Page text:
If I were a bankruptcy judge [I’m not and have no aspirations to become one], I’d be doing everything in my power to promote mediation in my court—right now.
For example, I’d adopt local rules on mediation, establish mediation requirements for adversary proceedings and Chapter 11 plans, look for cases where mandatory mediation orders might be helpful–and issue such orders, etc. Here’s why: to manage my future workload when bankruptcy filings pick back up again.
Granted, we are currently in an off-season for bankruptcy cases—filings are at low levels—and we’ve been here for a couple years already. During this off-season, bankruptcy court support staff numbers are declining throughout the system, and judge vacancies are remaining unfilled.
However, history shows that this off-season will not last forever. The day will come [and, perhaps, soon] when bankruptcy court workloads will return to heavy levels. When that day arrives, support staff hirings and new judge appointments will take time to ramp back up.
So, I’d be promoting mediation now and getting attorneys accustomed to mediation as a standard dispute resolution tool in my court. Then, I’ll be ready for an increased work load when the season changes.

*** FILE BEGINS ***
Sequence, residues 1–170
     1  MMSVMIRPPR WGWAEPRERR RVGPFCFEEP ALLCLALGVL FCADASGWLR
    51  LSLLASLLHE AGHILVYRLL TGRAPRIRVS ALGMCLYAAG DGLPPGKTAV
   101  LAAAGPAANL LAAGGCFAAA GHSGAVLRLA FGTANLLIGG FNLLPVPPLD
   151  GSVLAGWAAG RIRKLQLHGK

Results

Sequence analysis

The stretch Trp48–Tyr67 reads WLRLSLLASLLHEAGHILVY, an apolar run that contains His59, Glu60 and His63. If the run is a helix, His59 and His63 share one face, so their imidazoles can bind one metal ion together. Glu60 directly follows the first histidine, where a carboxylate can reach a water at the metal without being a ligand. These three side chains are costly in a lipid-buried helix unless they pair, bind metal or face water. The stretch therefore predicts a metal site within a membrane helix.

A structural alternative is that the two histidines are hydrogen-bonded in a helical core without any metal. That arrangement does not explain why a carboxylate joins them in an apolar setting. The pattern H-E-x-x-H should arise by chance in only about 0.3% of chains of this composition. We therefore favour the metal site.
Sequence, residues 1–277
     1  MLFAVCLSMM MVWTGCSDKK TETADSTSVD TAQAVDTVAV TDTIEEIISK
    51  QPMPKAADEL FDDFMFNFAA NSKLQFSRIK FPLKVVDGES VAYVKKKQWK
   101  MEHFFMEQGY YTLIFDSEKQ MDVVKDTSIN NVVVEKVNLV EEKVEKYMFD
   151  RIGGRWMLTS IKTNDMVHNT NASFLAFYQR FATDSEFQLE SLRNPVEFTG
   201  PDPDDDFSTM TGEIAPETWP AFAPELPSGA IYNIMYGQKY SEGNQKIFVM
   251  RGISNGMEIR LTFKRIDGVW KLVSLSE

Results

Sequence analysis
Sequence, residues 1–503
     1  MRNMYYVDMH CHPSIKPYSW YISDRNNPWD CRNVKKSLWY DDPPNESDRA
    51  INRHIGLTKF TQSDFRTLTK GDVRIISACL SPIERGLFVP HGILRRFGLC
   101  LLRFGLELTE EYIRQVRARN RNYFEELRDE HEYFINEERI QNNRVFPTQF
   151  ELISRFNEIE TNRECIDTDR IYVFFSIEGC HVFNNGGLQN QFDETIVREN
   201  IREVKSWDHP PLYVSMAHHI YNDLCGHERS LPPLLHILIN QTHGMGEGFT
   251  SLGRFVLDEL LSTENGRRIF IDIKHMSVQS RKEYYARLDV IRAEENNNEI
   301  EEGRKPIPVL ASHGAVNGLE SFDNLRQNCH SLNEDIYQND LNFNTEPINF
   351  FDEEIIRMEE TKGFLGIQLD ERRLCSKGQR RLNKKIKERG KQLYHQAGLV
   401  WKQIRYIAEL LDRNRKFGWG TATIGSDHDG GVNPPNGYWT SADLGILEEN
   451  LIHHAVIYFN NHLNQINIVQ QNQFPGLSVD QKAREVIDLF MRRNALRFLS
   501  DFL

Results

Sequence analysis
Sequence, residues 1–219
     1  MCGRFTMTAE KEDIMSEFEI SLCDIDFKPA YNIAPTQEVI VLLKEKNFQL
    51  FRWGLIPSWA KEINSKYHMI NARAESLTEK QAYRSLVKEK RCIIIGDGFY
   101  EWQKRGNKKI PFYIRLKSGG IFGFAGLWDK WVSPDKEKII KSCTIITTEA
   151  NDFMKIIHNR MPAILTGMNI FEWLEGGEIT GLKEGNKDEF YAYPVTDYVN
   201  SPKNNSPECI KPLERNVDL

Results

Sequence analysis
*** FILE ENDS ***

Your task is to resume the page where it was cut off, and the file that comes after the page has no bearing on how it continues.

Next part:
My view on this point is intense because I’ve seen bankruptcy seasons change before—okay, okay, I’ve been at this bankruptcy thing long enough to have seen seasons change many times.
Action Item. We should all be encouraging our local bankruptcy courts to adopt local rules on mediation, establish mediation requirements for adversary proceedings and Chapter 11 plans, look for cases where mandatory mediation orders might be helpful–and issue such orders, and get the local bar accustomed to using mediation as a standard dispute resolution tool.
Part Two will look at an example of how a season changed in the early 1980s.
Follow Don on Twitter by clicking here.